Yakima Valley Museum is a two-story building that displays the cultural and natural history of South Central Washington. This museum has the most extensive collection of wooden wagons west of the Mississippi. This 65,000-square-foot museum offers historical exhibits on the Yakima Valley, like its natural history, pioneer life, early city life, American Indian culture, and the beginning and development of the Valley’s fruit industry.
This site has a massive collection of horse-drawn vehicles, like stagecoaches and hearses. You can also find at the Yakima Valley museum a historical exhibit and reconstruction of the environmentalist and former Yakima resident, Supreme Court Justice William O. Douglas’ Washington D.C. office, a petrified Miocene treen exhibit, the Neon Garden exhibit with vintage neon lights, and a changing schedule of temporary but unique exhibitions.
The Yakima Valley Museum’s collections are always available for stud and research by appointment. There’s also the Children0’s Underground within the museum, a 2,500-square-foot interactive learning center that offers museum-related programs and educational activities for children (5-15 years of age). The Yakima Valley Museum has a functioning replica of the Art Deco soda fountain (originally made in the late 1930s), called the Museum Soda Fountain, that is furnished with restored and salvaged parts of the authentic Yakima soda fountains. Beneath the Neon Garden is the museum’s great hall, a grand performance space that offers programs and concerts all year round. The Yakima Valley Museum operates nearby H.M. Gilbert Homeplace, an 1898 late Victorian farmhouse that is now filled with period furnishing.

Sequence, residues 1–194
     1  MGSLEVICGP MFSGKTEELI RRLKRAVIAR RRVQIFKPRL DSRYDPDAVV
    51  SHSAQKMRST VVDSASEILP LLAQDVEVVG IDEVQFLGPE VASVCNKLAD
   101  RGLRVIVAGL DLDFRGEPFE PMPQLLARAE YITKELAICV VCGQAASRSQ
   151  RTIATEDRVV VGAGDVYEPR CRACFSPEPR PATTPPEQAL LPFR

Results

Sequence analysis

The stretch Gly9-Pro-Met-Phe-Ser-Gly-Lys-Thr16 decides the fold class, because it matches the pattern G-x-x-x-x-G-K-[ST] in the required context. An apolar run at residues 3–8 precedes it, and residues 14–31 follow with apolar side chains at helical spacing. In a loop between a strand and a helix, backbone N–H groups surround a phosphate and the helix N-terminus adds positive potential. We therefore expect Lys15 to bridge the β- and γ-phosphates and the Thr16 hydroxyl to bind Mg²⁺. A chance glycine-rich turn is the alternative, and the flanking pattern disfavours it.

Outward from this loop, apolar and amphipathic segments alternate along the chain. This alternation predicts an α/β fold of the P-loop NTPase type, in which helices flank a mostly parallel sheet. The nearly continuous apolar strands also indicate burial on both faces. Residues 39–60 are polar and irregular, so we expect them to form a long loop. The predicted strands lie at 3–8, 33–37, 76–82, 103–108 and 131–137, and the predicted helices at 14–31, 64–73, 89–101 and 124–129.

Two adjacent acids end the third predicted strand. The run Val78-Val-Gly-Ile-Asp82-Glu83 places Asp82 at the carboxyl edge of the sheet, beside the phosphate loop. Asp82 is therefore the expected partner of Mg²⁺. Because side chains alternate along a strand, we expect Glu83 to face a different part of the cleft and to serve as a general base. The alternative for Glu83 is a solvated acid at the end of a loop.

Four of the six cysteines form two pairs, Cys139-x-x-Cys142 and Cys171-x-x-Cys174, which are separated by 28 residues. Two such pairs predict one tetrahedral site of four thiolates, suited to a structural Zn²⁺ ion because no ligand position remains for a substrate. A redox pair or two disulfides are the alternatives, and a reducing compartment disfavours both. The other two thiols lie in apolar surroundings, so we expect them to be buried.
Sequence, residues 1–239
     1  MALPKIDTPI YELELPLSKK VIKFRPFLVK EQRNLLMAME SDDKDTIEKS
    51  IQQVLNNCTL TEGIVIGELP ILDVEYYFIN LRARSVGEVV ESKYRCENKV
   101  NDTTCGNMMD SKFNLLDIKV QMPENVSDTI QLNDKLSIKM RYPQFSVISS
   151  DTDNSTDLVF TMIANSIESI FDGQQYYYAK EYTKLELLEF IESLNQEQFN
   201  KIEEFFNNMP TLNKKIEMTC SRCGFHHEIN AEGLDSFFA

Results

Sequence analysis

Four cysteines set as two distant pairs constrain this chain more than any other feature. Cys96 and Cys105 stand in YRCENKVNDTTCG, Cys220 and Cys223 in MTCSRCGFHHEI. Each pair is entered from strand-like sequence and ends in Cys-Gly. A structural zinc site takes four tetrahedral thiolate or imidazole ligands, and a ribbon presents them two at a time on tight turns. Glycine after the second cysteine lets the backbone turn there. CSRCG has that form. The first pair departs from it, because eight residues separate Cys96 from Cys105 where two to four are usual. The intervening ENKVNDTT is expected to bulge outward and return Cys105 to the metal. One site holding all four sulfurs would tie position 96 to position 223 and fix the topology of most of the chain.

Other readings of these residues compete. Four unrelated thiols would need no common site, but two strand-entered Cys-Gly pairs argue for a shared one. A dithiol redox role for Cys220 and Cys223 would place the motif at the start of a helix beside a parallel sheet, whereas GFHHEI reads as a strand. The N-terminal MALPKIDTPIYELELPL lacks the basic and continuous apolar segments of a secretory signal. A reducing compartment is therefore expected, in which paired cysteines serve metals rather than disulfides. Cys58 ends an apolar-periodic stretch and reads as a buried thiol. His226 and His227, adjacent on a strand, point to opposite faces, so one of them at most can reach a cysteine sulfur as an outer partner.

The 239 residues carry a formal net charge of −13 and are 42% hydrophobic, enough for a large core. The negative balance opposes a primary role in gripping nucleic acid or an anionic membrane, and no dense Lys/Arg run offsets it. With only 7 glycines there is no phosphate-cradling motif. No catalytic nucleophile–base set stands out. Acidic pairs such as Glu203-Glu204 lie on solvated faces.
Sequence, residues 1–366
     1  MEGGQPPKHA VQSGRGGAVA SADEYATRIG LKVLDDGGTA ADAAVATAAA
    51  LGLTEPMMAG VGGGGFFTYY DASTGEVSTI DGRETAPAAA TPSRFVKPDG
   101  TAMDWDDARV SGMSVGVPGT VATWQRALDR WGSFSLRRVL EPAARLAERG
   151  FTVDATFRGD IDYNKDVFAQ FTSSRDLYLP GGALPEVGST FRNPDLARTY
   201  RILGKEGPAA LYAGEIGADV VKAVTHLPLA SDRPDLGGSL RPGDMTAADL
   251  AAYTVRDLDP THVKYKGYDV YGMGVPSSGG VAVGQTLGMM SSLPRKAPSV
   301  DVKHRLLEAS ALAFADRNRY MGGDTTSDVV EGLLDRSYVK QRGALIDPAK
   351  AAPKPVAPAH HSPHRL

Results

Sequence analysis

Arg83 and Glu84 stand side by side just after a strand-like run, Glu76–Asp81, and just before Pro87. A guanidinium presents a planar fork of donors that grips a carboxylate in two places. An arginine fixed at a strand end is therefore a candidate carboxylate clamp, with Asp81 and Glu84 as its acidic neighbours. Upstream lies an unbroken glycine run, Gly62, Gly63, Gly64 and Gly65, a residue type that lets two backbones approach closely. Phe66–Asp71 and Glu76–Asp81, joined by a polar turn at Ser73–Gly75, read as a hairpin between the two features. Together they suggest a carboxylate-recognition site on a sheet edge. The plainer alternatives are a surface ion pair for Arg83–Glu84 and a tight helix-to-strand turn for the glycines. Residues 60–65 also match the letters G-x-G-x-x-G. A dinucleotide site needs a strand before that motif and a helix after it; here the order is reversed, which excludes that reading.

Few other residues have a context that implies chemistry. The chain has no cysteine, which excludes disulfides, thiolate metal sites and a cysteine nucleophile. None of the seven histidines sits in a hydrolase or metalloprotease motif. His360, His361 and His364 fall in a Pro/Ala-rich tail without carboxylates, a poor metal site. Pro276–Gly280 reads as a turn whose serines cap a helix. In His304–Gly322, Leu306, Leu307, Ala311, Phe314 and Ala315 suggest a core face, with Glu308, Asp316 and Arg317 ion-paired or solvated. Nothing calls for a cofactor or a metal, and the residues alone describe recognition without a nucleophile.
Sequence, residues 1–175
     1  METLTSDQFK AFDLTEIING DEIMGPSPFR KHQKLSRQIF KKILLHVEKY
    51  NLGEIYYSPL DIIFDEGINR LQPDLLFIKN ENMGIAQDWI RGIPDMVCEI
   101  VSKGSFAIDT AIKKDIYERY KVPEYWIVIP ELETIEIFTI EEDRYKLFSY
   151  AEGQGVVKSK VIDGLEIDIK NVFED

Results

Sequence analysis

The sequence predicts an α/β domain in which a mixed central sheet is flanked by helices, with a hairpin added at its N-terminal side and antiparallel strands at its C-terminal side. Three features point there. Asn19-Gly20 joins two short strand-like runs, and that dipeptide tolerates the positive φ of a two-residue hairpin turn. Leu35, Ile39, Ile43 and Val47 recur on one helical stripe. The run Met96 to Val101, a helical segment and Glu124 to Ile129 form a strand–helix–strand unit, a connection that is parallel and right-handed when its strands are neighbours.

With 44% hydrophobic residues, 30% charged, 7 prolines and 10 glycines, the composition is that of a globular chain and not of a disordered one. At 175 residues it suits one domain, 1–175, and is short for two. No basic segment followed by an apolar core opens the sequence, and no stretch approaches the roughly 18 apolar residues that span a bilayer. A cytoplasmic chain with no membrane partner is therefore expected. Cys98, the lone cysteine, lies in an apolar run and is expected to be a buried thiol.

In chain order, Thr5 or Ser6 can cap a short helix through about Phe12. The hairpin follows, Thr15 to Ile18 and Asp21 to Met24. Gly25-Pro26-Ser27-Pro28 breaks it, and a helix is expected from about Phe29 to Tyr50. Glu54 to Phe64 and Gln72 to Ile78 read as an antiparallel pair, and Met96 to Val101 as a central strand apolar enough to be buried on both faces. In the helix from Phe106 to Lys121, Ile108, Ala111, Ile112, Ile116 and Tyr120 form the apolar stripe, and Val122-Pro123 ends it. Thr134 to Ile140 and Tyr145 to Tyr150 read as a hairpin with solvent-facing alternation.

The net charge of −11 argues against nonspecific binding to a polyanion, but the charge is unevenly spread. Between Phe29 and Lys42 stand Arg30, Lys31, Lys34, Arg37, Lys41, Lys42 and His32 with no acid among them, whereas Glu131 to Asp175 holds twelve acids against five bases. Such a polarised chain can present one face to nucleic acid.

This famous museum conserves the city’s stories to inspire the community and visitors, celebrate the present, and guide the future. Throughout the museum’s collections, exhibitions, and preservation of historic artifacts and stories, as well as public and educational programming, the Yakima Valley Museum provides every visitor with historical perspectives that may influence the Valley’s future. This museum is one of the largest cultural history museums in the state and is fully accredited by the Alliance of American Museums; it is one of only three museums in eastern Washington to be so.